5 Signs Your Dog Needs To Be Neutered (2023 Update)
We love our dogs and want what’s best for them. We are responsible for making many decisions for the health and future of your pet, such as staying up to date on vaccinations, regular dental cleaning, and routine checkups.
However, when it comes to spaying and neutering, it is a deeply personal decision that brings a lot of benefit to your dog. Some folks don’t want to alter their animals while others steadfastly will desex their pets the moment it is time.
In this blog post, we’ll look at neutering, why you should do it, and how to tell if your dog would benefit from it.
What Is Neutering And Why You Should Do It?
Neutering is when a male dog undergoes a small surgery where a veterinarian will surgically remove his testicles so that he won’t be able to impregnate a female dog and produce puppies. This is also called “the big snip.”
It will also lower the risk of your dog developing fatal diseases such as testicular and prostate cancer, and it controls the pet population. Some dog owners believe this is a cruel thing to do while others deem it necessary.
For most dogs, most veterinarians suggest waiting until your dog is ready for puberty, which is about when they are six to eight months old. Larger dogs might have to wait till they are about 12 months old.
Even though this small surgery isn’t easy on puppies, it helps eliminate many risk concerns for them and behavioral issues that they may develop later on in life. It will take them a few days to heal but they also might feel some pain in their surgical incision site.
Your dog will need extra love and care these days as it takes them time to adjust and get over the initial discomfort. Some dogs may need to wear a cone around their neck to prevent them from licking the area.
Benefits of Neutering
There are many benefits of neutering your pooch, especially if you don’t plan on breeding them and only have them as pets. After neutering, a male dog’s testosterone levels will significantly decrease and after the operation, the dog will become calmer and is less likely to get into dog fights.
He’ll also mark territories less often because he won’t feel the need to tell everyone he is around.
Some physical health benefits of neutering dogs are that it prevents some severe diseases such as testicular cancer and benign prostatic hyperplasia.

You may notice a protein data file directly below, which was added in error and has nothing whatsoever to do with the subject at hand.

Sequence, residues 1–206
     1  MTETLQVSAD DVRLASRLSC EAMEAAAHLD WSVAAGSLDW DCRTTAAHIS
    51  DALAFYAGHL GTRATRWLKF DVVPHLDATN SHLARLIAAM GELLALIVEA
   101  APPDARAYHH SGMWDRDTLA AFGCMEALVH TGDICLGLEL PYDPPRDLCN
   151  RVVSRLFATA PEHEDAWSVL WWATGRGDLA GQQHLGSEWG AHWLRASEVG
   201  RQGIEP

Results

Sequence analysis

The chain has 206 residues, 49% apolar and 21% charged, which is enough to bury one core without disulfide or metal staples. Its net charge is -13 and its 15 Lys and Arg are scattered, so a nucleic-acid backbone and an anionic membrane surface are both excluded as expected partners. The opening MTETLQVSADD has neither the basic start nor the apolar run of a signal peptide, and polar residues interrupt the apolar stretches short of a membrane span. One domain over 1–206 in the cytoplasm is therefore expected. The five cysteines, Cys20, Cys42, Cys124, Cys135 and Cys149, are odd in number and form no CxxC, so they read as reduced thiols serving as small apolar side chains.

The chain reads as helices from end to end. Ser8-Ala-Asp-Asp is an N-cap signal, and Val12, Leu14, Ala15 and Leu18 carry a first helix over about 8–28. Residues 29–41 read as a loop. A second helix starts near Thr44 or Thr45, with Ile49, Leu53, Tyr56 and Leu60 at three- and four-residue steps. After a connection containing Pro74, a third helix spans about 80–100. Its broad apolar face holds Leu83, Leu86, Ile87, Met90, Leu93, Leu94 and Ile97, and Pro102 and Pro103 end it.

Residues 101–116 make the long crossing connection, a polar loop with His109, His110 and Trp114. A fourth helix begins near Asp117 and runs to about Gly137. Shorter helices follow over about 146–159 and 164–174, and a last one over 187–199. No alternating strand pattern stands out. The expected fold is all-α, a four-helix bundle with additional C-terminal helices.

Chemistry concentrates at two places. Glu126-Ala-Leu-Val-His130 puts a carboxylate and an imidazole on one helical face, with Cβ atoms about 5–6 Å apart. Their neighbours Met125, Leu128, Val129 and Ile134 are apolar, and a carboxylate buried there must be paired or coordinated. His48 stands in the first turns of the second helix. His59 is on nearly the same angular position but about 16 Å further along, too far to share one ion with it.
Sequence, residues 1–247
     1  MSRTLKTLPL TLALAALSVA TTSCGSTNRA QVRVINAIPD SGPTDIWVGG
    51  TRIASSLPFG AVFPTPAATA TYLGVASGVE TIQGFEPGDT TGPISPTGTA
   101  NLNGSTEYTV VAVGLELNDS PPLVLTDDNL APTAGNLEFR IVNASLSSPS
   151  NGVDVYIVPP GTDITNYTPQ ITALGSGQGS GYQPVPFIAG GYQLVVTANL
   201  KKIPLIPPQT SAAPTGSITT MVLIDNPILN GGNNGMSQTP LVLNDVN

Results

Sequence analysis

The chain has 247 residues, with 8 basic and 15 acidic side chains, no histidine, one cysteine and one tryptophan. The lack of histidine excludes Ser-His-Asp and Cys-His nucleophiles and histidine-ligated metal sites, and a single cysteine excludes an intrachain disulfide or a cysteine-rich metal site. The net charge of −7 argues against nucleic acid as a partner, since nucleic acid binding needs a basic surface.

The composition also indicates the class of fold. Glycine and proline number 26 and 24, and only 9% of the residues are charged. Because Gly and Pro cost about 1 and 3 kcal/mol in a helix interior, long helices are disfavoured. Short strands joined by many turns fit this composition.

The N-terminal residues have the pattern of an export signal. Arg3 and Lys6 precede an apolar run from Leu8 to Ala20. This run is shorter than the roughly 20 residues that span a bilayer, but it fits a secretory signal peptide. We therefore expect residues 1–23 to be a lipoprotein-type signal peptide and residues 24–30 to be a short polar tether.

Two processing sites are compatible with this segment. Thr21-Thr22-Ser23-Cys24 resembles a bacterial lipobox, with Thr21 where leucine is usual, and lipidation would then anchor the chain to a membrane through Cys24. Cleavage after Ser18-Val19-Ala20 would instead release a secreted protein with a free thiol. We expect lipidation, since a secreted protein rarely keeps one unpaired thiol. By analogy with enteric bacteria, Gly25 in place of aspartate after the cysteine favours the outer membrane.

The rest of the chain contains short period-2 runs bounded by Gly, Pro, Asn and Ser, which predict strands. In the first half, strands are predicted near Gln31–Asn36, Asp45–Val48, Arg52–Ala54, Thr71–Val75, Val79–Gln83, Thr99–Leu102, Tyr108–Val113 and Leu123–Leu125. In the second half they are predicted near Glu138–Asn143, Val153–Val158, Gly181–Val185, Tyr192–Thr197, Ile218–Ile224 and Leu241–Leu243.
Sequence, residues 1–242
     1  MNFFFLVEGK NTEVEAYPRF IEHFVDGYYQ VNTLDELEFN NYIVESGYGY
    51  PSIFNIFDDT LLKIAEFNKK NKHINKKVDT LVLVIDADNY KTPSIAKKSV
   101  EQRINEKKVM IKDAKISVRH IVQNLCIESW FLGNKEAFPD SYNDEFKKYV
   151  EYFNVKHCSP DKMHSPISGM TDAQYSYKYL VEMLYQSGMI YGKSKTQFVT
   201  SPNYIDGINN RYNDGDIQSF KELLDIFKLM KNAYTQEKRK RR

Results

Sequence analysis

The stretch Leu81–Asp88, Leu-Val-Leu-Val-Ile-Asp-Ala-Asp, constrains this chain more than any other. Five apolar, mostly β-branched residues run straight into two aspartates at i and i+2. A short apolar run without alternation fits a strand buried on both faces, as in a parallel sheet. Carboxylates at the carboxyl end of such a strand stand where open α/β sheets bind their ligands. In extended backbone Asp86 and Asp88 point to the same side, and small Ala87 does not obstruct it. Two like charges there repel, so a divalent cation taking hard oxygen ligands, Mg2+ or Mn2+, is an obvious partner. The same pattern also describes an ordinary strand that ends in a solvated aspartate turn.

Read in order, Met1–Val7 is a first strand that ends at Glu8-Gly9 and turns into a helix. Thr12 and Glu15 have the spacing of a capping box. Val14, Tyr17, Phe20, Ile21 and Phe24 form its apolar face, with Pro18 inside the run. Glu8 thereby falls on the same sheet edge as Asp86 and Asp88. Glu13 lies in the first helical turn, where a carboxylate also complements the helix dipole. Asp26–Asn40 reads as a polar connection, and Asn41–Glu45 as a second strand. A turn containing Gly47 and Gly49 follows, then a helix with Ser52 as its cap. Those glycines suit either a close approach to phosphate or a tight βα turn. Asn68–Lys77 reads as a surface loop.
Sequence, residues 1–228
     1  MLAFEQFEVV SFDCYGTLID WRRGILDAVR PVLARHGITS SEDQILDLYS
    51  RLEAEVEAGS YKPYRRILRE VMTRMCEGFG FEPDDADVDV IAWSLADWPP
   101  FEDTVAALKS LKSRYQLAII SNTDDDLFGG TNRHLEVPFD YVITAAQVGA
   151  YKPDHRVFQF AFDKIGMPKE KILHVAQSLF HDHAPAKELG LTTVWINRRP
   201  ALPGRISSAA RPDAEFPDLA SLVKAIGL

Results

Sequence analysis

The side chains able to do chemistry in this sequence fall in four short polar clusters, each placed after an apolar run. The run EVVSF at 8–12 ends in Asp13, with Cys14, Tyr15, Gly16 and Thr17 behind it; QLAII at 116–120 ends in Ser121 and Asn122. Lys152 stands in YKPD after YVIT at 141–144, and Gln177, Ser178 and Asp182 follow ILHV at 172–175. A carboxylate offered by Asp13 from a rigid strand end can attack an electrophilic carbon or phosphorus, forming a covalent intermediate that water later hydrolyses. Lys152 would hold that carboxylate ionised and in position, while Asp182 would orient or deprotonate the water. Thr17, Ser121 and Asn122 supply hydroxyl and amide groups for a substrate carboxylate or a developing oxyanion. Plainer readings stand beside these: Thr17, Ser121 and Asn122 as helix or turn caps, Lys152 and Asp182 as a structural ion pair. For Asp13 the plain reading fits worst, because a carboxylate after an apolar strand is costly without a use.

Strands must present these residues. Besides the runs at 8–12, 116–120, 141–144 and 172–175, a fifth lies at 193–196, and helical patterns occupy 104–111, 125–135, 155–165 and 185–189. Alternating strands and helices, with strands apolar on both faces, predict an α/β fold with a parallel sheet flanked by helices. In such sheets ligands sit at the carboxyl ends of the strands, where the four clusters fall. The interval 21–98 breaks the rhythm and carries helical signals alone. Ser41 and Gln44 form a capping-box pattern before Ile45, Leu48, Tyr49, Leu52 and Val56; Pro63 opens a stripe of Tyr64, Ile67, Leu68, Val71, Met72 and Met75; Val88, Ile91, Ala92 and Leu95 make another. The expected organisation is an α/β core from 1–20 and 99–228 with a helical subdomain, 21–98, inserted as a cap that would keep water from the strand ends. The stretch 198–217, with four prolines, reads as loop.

Testicular cancer is actually the second most common cancer that affects unneutered dogs. Generally, dogs that have been neutered live a longer and healthier life, which is something that all dog owners want for their beloved pooches!
Research also proves that the dogs that have had the “big snip” are safe from many infectious diseases like parvo and are less likely to suffer from distemper.
It is also less common that they will be victims of trauma and injury, such as getting into fights with other dogs or getting hit by a car. Neutered dogs are less likely to roam out of the house trying to find a mate.
The most crucial benefit is that once your dog is neutered, he won’t be able to have puppies. Pet overpopulation is a big issue as millions of dogs end up in animal shelters each year.
Signs Your Dog Needs To Be Neutered
The high level of testosterone hormones in a male dog often leads to behavioral changes that they start to exhibit on a daily basis. Specifically, the male dog will sense the female dog’s pheromones nearby and start to show signs that it wants to mate.
This particular behavior of unneutered dogs is triggered when it’s around a female dog in heat. Humping is a common behavior in dogs that is embarrassing for the owner when their dog does it in public.
Humping for dogs isn’t always a form of sexual behavior, as it can also be done instinctually or out of boredom. If the dog isn’t in contact with a female dog, he will tend to hump everything like the air, blankets, toys, and sometimes other human and dogs.
This can become a very big problem because it’s annoying for the owner and it can cause fights amongst the dogs and even cause unwanted pregnancies. Once the testicles are removed, there is no hormonal trigger to the humping problem.
Trying to Escape
When your dog scents a female in heat nearby, he will find a way to escape no matter how much you try and stop them. He will jump over any fence and squeeze through any place to try and find their mate.